Nourishing casseroles and bone broths might be more than just winter staples for traditional wholefoodies like me, but variety in cooking styles is important for a host of reasons. One of my favourite foods is lamb souvalakia cooked on the BBQ, which harks back to my early childhood. So if you're at a loss as to what to do with diced lamb (or even beef) and want a quick easy meal that is sure to please everyone's palate (especially kids!), try this (and I apologise in advance for not having specific quantities- it's so basic you can't really go wrong- just trust your gut instinct!):
- Wooden or metal skewers
- Lamb, diced
- Red capsicum
- Green capsicum (optional)
- Yellow capsicum (optional)
- Zucchini, cut into 1 cm slices
- Cherry tomatoes
- Red wine
- Coriander seeds
- Unrefined salt
Place meat in a large glass container/baking dish. Add marinade ingredients to well coat the meat (the meat does not need to be submersed in the wine- just enough to coat it on all sides). Marinate meat for several hours or overnight.
Cut onions and capsicum into approx 3 cm squares. Thread the meat and vegetables onto the skewers alternating meat and vegetables in whatever combination you prefer. Quantities of vegetables will vary depending on quantity of meat and how many vegetables opposed to meat are placed on the skewers. I prefer the skewers to consist of approx 2/3 meat and 1/3 vegetables, or half meat and half vegetables.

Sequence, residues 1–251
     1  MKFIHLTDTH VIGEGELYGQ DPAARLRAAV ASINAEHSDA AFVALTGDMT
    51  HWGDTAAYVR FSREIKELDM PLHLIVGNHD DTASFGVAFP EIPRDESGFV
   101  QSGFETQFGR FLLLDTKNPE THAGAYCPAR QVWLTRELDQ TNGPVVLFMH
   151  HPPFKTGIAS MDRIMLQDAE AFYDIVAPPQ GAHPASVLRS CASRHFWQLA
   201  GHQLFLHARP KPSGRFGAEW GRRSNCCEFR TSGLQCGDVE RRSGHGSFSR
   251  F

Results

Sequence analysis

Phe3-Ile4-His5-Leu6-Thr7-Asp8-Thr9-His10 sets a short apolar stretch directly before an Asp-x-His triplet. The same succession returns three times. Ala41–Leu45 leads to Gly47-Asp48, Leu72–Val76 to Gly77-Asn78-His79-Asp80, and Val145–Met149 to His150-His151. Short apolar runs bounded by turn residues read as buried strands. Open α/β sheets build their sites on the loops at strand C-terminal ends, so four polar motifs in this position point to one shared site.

BBQ on one side then turn over to cook the other side. Meat is done when it is still slightly pink in the center.
Serve with tzatziki (Greek yogurt cucumber dip).
Souvalakia are typically made with lamb but you could substitute beef or chicken. Add any other vegetables you desire eg mushrooms.
Why marinating meat is important when BBQing or using high heat
When meat is cooked using high heat (eg BBQ or open flame) or dry cooking methods such as frying, grilling or smoking, certain compounds are produced including advanced glycation end products (AGEs), heterocyclic amines (HAs) and polycyclic aromatic hydrocarbons (PAHs). These have been shown to cause inflammation (which is the root cause of all modern disease including cancer and cardiovascular disease). This applies to all meat, not just red meat. So while I love eating BBQ'd meat, I only eat it occasionally and recommend lower-heat cooking methods (eg casseroles, braises, stews, long slow roasts, or even raw meat) as more of the staple method of meat consumption. Research shows, however, that you can significantly reduce the formation of these inflammation-causing compounds by using an acidic marinade (eg wine, apple cider vinegar, tomato puree). Studies show that marinating beef for 1 hour reduced AGE formation by over half and marinades can cut HA formation in meat by up to 90%. So marinating meat does more than just make meat taste great! For more information refer to this recent article by Chris Kresser.